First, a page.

Skip to main content
Center for Action and Contemplation
Innocence
Innocence

Wise as Serpents, Innocent as Doves

Monday, August 1, 2022

“Behold, I send you out as sheep in the midst of wolves; so be wise as serpents and innocent as doves.” –Matthew 10:16

The late author and preacher Peter J. Gomes (1942–2011) considers the type of seasoned innocence to which Jesus calls his disciples:

You need both innocence and experience, both the serpent and the dove, if you have any chance of making it as a Christian in this world. Innocence without experience eventually becomes a state of pure illusion, and experience without vision deteriorates into cynical despair. . . .

When Jesus speaks of the wisdom of the serpent he is not giving us an invitation to cynicism; he wants us, like the serpent, always to know what is going on. Of all creatures, the serpent is the one most aware of his environment, most sensitive to his surroundings, most in touch with his circumstances, for his entire body is a live wire of sensation. We are meant to be aware, heads up, eyes open, mind on full throttle, not easily fooled or seduced by the blandishments of this life. . . .

To be innocent as a dove is an exercise neither in naïveté nor in deception. The dove is the symbol of the spirit of God, and where the dove is, there is to be found serenity, reconciliation, and peace. When Noah wanted to know if it was all right to go back into the world, he didn’t ask for a weather report; he sent out for the dove. When Jesus was baptized, God’s favor was shown in the descent of the dove; and the Holy Spirit, the present tense of God, is represented in Christian art by the dove. Give me the dove any day; the dove is no dumb bird.

In other words, Jesus tells us that to survive in this world . . . we need to know what is going on and not be overwhelmed by it; and to do that we need to live all of the time in a divine and creative dialogue between innocence, the first and last love of our faith, and experience, by which we learn what we need to know. [1]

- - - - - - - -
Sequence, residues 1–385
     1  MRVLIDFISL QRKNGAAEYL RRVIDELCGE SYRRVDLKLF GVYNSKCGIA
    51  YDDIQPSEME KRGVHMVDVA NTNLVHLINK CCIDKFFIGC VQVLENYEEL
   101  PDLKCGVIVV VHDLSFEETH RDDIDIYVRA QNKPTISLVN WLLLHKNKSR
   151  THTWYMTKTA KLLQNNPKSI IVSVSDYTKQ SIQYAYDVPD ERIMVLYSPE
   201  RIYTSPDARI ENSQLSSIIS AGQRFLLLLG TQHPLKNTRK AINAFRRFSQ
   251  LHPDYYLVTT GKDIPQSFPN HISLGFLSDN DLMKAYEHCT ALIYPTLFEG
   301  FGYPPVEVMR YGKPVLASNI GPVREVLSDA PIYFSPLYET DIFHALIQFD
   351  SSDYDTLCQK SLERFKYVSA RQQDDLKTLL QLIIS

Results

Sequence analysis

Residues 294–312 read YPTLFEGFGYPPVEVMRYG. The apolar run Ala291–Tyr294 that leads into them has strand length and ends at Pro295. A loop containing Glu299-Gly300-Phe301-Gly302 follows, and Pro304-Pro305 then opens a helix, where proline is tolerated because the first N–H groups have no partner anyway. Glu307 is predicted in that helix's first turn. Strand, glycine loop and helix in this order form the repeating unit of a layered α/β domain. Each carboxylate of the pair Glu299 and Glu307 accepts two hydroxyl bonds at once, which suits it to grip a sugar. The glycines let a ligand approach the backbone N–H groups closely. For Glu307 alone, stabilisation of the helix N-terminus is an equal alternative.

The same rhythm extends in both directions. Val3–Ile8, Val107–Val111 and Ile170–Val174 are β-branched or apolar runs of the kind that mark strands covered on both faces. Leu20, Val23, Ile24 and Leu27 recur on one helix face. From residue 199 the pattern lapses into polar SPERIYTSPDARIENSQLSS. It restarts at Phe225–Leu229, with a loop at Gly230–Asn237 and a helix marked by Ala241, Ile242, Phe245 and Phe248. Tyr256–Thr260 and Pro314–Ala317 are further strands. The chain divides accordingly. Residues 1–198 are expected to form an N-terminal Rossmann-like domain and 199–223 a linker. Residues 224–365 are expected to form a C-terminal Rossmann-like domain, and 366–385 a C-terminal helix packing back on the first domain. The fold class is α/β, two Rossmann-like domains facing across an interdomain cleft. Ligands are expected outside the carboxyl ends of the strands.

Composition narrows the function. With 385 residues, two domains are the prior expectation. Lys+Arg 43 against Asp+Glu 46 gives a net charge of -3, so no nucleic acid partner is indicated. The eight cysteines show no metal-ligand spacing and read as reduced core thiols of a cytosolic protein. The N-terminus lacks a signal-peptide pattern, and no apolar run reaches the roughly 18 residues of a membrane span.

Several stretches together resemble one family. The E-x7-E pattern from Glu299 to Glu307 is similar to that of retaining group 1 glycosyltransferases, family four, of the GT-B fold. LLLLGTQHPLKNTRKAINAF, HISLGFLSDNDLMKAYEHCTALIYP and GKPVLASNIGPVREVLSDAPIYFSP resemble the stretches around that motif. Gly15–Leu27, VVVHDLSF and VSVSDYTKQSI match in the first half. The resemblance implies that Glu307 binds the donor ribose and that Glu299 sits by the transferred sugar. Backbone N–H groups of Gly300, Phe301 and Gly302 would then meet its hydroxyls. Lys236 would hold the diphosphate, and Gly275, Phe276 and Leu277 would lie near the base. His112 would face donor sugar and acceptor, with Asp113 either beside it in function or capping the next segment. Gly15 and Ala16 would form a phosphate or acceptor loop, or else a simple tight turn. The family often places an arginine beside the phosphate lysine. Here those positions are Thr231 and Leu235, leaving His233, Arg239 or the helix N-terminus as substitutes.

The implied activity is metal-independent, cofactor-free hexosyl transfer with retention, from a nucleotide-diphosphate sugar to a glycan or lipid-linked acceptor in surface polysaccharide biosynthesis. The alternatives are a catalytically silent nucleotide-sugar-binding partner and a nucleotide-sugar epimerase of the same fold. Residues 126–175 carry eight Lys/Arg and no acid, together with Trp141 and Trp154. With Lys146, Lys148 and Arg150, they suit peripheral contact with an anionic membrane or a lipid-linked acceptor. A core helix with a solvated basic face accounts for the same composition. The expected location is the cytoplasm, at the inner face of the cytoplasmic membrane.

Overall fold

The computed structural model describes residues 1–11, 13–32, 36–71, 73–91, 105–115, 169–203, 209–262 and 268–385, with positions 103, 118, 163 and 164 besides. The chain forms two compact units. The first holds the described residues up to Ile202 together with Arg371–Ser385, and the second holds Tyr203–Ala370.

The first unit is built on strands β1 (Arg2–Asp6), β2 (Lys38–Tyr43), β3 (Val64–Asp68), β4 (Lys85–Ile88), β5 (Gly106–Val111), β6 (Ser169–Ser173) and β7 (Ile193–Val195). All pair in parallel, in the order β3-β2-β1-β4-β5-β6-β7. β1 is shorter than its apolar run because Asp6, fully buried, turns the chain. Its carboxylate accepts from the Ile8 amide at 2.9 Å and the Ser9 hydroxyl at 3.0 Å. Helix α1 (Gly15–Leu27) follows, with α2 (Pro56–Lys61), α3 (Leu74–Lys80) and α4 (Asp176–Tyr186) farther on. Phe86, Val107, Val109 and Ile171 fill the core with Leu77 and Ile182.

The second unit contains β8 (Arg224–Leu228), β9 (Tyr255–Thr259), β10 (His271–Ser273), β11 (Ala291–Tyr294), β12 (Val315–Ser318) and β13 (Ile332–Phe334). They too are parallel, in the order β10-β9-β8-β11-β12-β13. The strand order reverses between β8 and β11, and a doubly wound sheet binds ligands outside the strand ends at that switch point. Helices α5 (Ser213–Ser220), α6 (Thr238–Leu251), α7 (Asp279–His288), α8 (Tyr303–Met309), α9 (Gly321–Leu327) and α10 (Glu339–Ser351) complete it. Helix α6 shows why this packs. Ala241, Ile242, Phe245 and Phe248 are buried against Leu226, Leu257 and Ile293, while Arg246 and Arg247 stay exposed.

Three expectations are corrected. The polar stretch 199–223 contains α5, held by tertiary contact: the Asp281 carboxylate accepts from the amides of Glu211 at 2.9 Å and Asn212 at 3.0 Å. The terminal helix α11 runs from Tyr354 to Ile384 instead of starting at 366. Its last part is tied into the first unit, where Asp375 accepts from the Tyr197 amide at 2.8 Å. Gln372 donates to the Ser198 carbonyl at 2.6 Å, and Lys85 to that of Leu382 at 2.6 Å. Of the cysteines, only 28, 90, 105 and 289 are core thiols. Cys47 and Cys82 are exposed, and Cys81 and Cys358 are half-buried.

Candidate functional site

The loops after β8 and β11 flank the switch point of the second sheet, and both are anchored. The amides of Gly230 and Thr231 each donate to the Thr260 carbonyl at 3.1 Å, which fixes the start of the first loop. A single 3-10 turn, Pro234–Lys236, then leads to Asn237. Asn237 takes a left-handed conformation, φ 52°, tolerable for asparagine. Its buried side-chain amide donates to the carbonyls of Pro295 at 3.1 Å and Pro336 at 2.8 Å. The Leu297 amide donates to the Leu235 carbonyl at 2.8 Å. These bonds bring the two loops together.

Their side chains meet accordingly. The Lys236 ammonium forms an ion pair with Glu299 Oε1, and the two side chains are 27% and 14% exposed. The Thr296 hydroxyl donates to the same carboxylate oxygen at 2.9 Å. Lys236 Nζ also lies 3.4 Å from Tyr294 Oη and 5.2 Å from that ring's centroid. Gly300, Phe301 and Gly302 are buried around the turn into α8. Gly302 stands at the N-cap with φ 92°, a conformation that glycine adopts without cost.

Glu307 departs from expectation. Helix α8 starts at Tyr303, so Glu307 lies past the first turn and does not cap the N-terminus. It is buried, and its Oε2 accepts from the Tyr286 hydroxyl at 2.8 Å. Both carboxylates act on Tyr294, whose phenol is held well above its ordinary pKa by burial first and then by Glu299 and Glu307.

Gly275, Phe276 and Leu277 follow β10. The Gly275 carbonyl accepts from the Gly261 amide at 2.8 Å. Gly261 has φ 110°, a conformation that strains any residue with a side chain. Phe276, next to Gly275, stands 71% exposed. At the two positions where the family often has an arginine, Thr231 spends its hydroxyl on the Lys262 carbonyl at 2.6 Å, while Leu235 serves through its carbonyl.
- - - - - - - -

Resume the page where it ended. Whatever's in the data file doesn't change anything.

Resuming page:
Father Richard describes these deeper stages of spiritual maturity as a “regained innocence”:

There is a regained innocence, which could also refer to the highest states of enlightenment. This is the clarity and freedom found in a person who has been deeply wounded but, after passing through a healing purification, comes out the other side with the best of both worlds; they are cleverly wise and yet not overly defended or guarded. I suspect this is exactly what Jesus represents and what he describes when he tells his disciples to “Go forth wise as serpents but innocent as doves” (Matthew 10:16). This would be those who have left the Garden, eaten a few more apples, and returned again because they now know how to live and love both inside and outside of the Garden. [2]

References:

[1] Peter J. Gomes, “Innocence and Experience,” Strength for the Journey: Biblical Wisdom for Daily Living: A New Collection of Sermons (San Francisco, CA: HarperSanFrancisco, 2003), 102, 103, 104.

[2] Adapted from Richard Rohr, introduction to Oneing 3, no. 2, Innocence (Fall 2015): 12. Available in print or PDF download.

Explore Further. . .

Image credit: Claudia Retter, Lily Pond (detail), photograph, used with permission. Arthur Allen, Untitled 10 (detail), 2022, photograph, France, used with permission. Claudia Retter, Lake Wale’s Pond (detail), photograph, used with permission. Jenna Keiper & Leslye Colvin, 2022, triptych art, United States. Click here to enlarge the image.